What I’ve Learned (Good and Bad) From the Various Mentors of My Career

by | BiggerPockets.com

There are so many different phases to the real estate investing life—getting started, establishing your business, scaling up, and being a leader in the industry. Luckily for us, there are people who have already done those things all around us.

Real estate mentors can be found anywhere, but why do you need one?

Just like life, real estate is all about experience. We can learn over and over again from our own experiences, but why reinvent the wheel? We should be able to learn from others’ experiences as well.

I have had many mentors throughout my life that I have learned from. And to be honest, not all of those mentors were positive role models, but I still allowed myself to learn from them.

Having a mentor can keep you on track, lend you personal experience, and help you grow as a business and as a person.

No matter where you are in your journey, it is all about learning.

What I Learned From My First (Not Quite) Mentor

During part of my journey, my dad introduced me to a gentleman who owned a timber company. His company would basically buy land with trees on it, harvest the timber, and then sell off the land. They did this process over and over again, and this man was a millionaire because of it.

I was drawn to his success and wanted to learn from him, but I did not know how to cut down trees or how to operate any of the equipment. I realized though that I still had something to offer him. He needed land with trees, so I could find him land.

That is what I did. I worked for this man for a year and half as an independent contractor driving all over Indiana looking for land and trees for his company while collecting a commission off of the deals I found for him.

find-a-mentor

Related: 10 Entrepreneurs Share Their Most Memorable Mentor-Taught Lessons

I was bringing him and his company value, and in turn, I was able to learn from him. He invested in me and would feed me little tidbits of information about the business world.

I can’t lie to you and tell you that all of that info he gave me was life-changing; most of it was terrible, in fact. This man did not have an email address, and he never answered his phone. He only talked to people when it was convenient for him. He did not have the best business model. But I took something my conversations with him that changed my life and that is the basis for my business today.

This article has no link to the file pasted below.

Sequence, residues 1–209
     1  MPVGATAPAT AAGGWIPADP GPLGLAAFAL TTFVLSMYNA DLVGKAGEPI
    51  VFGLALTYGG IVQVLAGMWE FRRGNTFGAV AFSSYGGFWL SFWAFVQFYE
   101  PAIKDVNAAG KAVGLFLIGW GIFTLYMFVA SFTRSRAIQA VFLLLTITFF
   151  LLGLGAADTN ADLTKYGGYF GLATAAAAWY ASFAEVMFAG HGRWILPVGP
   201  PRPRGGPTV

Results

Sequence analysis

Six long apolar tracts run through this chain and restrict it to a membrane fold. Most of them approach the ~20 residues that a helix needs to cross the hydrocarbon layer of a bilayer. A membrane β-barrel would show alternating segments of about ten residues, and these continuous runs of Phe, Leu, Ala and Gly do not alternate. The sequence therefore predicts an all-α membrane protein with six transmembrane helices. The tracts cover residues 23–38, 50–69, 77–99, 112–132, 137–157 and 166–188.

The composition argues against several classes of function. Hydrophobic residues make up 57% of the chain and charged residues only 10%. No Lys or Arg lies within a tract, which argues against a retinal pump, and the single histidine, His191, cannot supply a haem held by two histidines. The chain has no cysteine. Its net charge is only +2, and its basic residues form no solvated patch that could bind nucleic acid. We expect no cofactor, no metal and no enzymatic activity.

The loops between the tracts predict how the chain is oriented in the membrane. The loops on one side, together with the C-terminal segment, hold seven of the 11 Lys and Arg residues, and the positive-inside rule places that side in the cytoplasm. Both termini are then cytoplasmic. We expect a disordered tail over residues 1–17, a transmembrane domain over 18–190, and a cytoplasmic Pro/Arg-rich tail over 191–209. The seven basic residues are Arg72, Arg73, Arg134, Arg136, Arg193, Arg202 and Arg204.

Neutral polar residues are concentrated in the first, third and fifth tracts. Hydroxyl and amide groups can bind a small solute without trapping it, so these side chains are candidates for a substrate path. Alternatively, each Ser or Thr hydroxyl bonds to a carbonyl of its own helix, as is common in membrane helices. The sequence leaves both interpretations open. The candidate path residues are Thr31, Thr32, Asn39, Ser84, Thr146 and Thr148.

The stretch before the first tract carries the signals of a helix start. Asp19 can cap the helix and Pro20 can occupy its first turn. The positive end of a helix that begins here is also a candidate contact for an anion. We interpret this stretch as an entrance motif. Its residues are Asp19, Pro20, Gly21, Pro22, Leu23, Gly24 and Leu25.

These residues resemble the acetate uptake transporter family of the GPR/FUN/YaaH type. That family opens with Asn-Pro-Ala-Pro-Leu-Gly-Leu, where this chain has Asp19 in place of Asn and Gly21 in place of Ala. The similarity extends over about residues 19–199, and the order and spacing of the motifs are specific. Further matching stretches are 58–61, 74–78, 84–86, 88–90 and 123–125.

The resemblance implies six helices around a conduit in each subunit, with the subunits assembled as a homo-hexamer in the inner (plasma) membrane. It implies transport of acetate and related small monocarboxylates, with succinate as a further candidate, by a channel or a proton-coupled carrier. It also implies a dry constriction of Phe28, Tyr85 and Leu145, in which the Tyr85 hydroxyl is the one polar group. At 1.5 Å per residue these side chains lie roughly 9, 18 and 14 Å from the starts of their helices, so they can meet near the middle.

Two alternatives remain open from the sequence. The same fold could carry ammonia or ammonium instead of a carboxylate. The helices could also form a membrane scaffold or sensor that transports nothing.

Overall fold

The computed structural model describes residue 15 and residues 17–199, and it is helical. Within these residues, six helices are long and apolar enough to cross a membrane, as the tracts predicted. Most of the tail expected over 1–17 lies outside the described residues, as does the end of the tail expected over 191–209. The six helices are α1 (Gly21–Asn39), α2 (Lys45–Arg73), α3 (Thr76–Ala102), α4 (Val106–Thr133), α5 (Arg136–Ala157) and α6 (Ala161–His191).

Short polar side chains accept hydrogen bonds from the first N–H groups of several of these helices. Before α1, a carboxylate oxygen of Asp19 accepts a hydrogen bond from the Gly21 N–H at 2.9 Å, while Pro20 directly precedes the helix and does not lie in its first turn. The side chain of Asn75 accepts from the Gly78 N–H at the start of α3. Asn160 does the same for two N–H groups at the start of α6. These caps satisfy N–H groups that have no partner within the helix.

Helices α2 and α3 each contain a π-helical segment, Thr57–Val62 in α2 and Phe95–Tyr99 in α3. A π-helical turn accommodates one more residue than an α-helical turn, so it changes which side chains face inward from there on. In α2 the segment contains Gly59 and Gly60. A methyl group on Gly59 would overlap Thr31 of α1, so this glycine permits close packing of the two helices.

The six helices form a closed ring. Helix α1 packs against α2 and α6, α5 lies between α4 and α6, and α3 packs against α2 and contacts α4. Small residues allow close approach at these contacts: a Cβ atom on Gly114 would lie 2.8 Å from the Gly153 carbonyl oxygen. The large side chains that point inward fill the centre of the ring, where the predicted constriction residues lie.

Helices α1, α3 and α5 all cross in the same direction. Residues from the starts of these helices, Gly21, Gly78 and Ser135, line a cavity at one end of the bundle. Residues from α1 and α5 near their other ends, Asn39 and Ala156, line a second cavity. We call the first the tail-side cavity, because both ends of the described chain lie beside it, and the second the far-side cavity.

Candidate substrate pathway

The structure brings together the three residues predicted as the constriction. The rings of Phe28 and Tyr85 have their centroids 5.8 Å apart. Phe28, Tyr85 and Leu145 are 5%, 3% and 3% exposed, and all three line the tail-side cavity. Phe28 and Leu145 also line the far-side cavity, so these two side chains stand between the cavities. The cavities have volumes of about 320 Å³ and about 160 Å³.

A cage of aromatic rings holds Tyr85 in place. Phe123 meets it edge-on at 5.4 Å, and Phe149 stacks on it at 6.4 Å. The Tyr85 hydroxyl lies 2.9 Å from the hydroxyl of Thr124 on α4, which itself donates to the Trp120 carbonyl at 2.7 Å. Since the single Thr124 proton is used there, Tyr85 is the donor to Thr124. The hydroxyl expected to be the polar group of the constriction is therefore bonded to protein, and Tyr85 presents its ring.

“Keep things simple. Find a process that works and use it.”

Now, at the time, I never looked at him as a mentor, and I never asked him to be my mentor. All I did was converse with him, ask him questions, and learn from him—taking note to myself of what to do and what not to do.

Don’t Stop Learning and Growing

Like I said before, real estate is all about experience and learning. You do not have to have someone in your life that you have given an official title of mentor, especially when you are getting started. What you need to have are people in your life that you can learn and gain experience from.

People, even those who do not know me, contact me every day to be their mentor. I am always more than happy to help people out or point them in the direction of someone that can. I can provide information and content just like so many other people out there, but that is only part of the mentoring process.

A mentor should be able to know and understand where you are, what you’re doing, and where you want to go. You want a mentor who wants to invest in you and help you grow.

Depending on where you are in your journey, you may need different mentors.

I went through a part of my life a few years ago where I thought that I was pretty successful. I was doing a lot of deals and making pretty good money wholesaling properties, so I stopped reaching out for help. I stopped reading books and articles.

I bet you can guess what happened. My business stood still.

When you stop learning and stop pushing is when your business stops growing. Do you know what happens to businesses that stop growing? They die.

I realized that was in a different spot in my business life, so I needed a different type of mentor. I began reading more, listening to all kinds of podcasts, and networking more and more at local real estate clubs. Because I put myself out there as someone who wanted to grow and learn more, I was introduced to two people who have changed my life and my business dramatically.

Related: 7 Ways to Find a Real Estate Mentor for Free

These two people were my business coach and the leader of my mastermind group.

My business coach has helped me and my team scale our business and set goals for our business. I meet with him on a regular basis, and my whole him sits down with him once a year. Last year at this time, we sat down with him and set goals that we thought were pretty lofty, but this year, we hit every single one of those goals.

My mastermind group is full of other real estate investors who are doing what I am am doing, are all super successful, and are all pushing the limits of their businesses. Since I have joined this group, my business has doubled. This is not because I am doing anything in particular, but I now have a group of people that I can bounce ideas off of who have been through it, and I have people encouraging me and holding me accountable.